Ten hasn’t overpaid for the Melbourne Cup, says boss Paul Anderson

Ten boss Paul Anderson doesn’t believe the network has overpaid for the Melbourne Cup rights, saying the network sees the horse race and associated carnival as an opportunity to promote its future summer lineup as an alternative to Seven and Nine’s sports focus.

Anderson’s comments come after Ten revealed earlier this week it had won the rights to the Victoria Racing Club’s Melbourne Cup carnival from the Seven Network with a $100m bid.

Paul Anderson: CBS will be a ‘game changer’

“Normally that’s the claim of the incumbent that’s lost them,” Anderson told Mumbrella.

“The way we look at this is this is the jewel in the crown of the racing calendar. It’s the most prestigious racing carnival in Australia and one of the most prestigious in the world and that presents both us and the Victorian Racing Club with a lot of opportunities.

“Our plan is that is this is not just about the racing carnival that only lasts one week, this is a sport, or racing carnival that will live on across the whole year and it gives us the opportunity to play in a space with a group of advertisers that we don’t ordinarily play with in any meaningful way, so it’s a wonderful opportunity for us.

“We see the race is not just about a few minutes on the Tuesday afternoon, it’s not just about those four days that week, it’s about telling the story across the year.

“The event, the horses, the personalities and also the extension that comes with horse racing as they do with a bunch of other sports around fashion, food and entertainment. There’s a global trend amongst sporting events that’s broadening their footprint out of just the sport they are broadcasting.

“Tennis is a good example, they are doing exactly the same thing.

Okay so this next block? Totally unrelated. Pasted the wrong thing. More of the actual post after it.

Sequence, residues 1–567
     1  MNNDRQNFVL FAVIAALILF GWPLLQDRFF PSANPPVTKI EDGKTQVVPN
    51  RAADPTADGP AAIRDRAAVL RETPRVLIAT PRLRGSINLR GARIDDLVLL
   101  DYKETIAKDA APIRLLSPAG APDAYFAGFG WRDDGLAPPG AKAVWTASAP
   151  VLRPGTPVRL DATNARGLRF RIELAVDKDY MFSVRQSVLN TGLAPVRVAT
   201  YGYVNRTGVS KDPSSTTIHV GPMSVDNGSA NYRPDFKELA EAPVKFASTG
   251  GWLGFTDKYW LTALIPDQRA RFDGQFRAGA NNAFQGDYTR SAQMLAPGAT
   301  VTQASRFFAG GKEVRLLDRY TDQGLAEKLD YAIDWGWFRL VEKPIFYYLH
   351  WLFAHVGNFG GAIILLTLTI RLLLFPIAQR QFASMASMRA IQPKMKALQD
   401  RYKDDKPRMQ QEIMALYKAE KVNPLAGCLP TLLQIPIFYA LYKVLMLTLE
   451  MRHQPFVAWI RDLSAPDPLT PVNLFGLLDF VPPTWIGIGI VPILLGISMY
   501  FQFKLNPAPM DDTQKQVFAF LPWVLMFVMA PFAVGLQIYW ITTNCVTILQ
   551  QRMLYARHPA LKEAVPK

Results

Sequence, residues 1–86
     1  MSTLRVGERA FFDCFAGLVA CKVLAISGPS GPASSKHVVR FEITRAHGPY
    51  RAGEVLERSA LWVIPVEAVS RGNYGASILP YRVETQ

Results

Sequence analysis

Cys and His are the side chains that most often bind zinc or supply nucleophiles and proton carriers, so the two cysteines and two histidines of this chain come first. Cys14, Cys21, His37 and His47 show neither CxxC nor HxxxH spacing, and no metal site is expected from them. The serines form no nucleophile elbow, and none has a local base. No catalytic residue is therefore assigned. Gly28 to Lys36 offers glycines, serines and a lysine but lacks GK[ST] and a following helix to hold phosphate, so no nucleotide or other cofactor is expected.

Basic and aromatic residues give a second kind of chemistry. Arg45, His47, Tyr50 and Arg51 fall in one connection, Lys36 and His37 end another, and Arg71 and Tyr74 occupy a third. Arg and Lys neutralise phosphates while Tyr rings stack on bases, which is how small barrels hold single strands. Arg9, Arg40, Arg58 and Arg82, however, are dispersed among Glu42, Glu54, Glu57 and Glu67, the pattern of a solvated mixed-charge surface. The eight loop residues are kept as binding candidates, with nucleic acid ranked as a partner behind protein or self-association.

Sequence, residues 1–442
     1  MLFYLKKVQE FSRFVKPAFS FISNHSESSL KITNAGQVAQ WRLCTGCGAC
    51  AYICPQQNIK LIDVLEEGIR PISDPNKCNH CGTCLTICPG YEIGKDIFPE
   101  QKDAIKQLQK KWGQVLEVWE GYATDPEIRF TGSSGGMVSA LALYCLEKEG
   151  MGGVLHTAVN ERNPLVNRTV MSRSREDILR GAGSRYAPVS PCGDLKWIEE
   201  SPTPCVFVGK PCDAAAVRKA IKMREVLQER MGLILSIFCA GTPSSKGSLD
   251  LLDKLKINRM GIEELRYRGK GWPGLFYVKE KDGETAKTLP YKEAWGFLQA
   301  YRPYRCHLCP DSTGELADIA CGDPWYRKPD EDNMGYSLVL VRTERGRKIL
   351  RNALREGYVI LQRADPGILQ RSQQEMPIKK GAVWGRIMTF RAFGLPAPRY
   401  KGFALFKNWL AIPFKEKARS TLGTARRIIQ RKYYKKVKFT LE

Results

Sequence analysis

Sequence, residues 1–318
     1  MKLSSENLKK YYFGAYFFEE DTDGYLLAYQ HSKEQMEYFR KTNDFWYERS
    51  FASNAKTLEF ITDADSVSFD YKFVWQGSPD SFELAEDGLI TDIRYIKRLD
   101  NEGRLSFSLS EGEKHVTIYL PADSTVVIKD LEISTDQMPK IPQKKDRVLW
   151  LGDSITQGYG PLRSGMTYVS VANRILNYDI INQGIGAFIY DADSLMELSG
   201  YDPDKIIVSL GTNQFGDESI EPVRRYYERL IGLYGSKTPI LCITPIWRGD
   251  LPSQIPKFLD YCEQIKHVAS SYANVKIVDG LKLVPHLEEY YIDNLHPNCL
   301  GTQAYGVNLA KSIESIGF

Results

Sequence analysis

Anderson said he sees the event as a promotion opportunity for the network’s other offerings: “I think it’s a springboard for our programming full stop, what it does is it gives us a platform to promote our programming across summer which is part of our new strategy to have a 52 week entertainment schedule rather than sticking to this arbitrary ratings period from February through to November which free to air has traditionally done.”

The summer ratings break now damages the free to air sector, Anderson believes: “Traditionally free to air has given up over summer and in the past has lost ground to Foxtel, so I think FTA must realise that we need to program right across the year and we also need to program through the evening.

“And what we know with Gogglebox and Have You Been Paying Attention, shows at 8.30 with Australian content resonate very very well with the audience. There’s a lot of opportunity there, and that goes for summer as well.”

The Ten boss also flagged he sees non-sports coverage as an opportunity over the summer break: “We will be the alternative, whether its Seven or to Nine with tennis and we we know that strong content, and I think Masterchef is a great example across this winter when State of Origin was on the Masterchef audience only declined by a very small amount.

“That shows you here’s a big chunk of the population out there are up for watching something other than sport.”


Get the latest media and marketing industry news (and views) direct to your inbox.

Sign up to the free Mumbrella newsletter now.



Sign up to our free daily update to get the latest in media and marketing.